Welcome to the Tuesday, December 3, Brew. Here’s what’s in store for you as you start your day:
Steyer leads Democratic presidential campaigns in Ballotpedia pageviews
Two Democratic candidates—Montana Gov. Steve Bullock and former U.S. Rep Joe Sestak (Penn.)—ended their presidential campaigns in the past few days. That leaves 16 Democratic elected officials and notable public figures running for president.
We track and report the number of views candidates’ 2020 presidential campaign pages receive to show who is getting our readers’ attention.
For the week ending Nov. 30, Tom Steyer’s campaign page on Ballotpedia received 4,081 views, more than any other Democratic candidate. This was the first week Steyer’s page received the most pageviews among the Democratic field. Pete Buttigieg’s page had the second-most pageviews during this week and Andrew Yang’s page was third.
Steyer was the only Democratic candidate to receive more pageviews last week than the week before. His pageviews increased by 22%. All other Democrats had decreases of between 11% and 37%.
Yang remains the leader in overall pageviews this year with 147,622. He is followed by Buttigieg, Joe Biden, Kamala Harris, and Elizabeth Warren.
See the full data on all presidential candidates by clicking the link below.
Today is Giving Tuesday
Giving Tuesday is a day set aside from the Black Fridays and Cyber Mondays of holiday shopping to give back to the nonprofit organizations you support. We would be honored if you would include Ballotpedia in your giving list this year. If you choose to give a donation, your financial support will grow this encyclopedia of politics, power our sample ballot tool, and help inform millions of people in 2020.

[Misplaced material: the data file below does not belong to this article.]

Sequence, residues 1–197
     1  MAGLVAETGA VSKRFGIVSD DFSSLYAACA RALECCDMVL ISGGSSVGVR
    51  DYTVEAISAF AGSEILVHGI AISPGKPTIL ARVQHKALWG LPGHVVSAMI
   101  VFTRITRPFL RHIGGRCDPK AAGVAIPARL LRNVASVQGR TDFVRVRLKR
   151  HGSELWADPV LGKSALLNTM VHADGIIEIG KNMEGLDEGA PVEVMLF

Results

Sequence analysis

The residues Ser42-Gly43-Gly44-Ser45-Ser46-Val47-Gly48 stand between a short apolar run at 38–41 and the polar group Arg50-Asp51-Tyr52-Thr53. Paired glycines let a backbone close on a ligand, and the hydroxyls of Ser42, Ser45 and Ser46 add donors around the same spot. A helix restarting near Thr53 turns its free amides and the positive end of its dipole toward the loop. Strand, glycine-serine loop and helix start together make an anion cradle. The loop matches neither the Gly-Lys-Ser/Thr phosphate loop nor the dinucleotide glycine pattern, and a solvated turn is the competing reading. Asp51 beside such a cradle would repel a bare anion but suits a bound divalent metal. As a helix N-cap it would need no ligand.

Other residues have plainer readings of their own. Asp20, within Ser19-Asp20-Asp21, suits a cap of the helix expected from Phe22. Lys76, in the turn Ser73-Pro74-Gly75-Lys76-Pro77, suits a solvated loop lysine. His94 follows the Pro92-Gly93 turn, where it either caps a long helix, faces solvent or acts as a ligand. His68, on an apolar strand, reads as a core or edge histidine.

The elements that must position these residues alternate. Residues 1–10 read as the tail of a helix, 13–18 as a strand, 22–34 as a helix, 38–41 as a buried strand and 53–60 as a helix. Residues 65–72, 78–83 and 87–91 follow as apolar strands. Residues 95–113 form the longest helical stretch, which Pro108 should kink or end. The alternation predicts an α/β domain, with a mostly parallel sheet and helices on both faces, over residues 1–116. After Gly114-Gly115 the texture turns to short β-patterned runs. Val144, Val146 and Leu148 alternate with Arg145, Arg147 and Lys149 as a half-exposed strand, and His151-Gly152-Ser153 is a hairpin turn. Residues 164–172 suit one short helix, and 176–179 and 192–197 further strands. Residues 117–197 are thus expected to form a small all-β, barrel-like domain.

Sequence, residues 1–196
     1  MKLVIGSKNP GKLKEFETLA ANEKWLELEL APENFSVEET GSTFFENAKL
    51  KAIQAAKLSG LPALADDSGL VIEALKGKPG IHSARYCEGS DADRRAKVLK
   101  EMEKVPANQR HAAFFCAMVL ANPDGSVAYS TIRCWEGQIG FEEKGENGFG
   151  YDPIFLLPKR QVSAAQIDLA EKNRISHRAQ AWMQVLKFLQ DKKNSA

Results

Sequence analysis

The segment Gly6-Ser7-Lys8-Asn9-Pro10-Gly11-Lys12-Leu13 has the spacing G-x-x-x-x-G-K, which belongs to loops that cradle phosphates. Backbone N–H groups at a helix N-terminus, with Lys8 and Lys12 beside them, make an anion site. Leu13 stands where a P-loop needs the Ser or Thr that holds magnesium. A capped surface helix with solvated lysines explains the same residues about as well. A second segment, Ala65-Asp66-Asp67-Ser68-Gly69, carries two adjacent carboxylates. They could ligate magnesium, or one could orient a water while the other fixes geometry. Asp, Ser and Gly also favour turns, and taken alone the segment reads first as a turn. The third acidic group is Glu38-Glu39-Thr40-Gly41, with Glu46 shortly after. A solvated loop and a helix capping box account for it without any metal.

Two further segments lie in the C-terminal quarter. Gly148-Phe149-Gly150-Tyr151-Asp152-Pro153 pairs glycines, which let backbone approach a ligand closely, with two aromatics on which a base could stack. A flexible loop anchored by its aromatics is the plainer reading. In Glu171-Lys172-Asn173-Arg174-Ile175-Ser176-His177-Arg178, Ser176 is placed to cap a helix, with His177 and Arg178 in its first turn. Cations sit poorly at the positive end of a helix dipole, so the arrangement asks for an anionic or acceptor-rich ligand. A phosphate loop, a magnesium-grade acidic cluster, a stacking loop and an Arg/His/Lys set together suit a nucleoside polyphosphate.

If you are unable to give today, but might be interested in volunteering your time in the future, please reply to this email and let me know! We’ll be launching a volunteer initiative in 2020 and would love to have you on board.
Judge blocks Washington initiative limiting annual vehicle license fees from taking effect
Washington political activist Tim Eyman has proposed, sponsored, or been otherwise involved with statewide initiatives every year since at least 1998. The measures he has worked on primarily involve two subjects—taxes and transportation. His most recent initiative—the Limits on Motor Vehicle Taxes and Fees Measure (I-976)—was approved by voters last month but its implementation is on hold after being challenged in court.
King County Superior Court judge Marshall Ferguson blocked I-976 from taking effect last week pending the lawsuit’s resolution. Ferguson wrote, “If the collection of vehicle license fees and taxes stop on December 5, 2019, there will be no way to retroactively collect those revenues if, at the conclusion of this case, the Court concludes that I-976 is unconstitutional and permanently enjoins its enforcement. Conversely, refunds of fees and taxes impacted by I-976 can be issued if the State ultimately prevails in this matter, albeit at some expense to the State.”
Washington voters approved I-976—53% to 47%—on Nov. 5. The measure was designed to do the following:
Nine plaintiffs—including the governments of Seattle and King County—filed a lawsuit Nov. 13 declaring that I-976 violated the Washington Constitution. The complaint stated that Initiative 976 violated the single-subject rule, the separate subject-in-title requirement, the requirement to disclose the repeal of statutes, and other constitutional provisions. In his response to the lawsuit, Eyman stated, “It is absolutely critical that the people of Washington state, regardless of how they voted, not pay taxes and fees that the voters voted to get rid of.”
Proponents of I-976 said that a flat $30 vehicle license fee is fair and reasonable and that it’s dishonest for the state to tax a used vehicle based on its sales price rather than its Blue Book value. Opponents of 1-976 stated that the measure would cut much-needed transportation funding and take money from roads, bridges, and transit programs.
Ferguson was appointed to the court by Gov. Jay Inslee (D) in July 2018. He was among 11 King County Superior Court judges who were automatically elected on Nov. 5 after they were the only candidates who filed to run.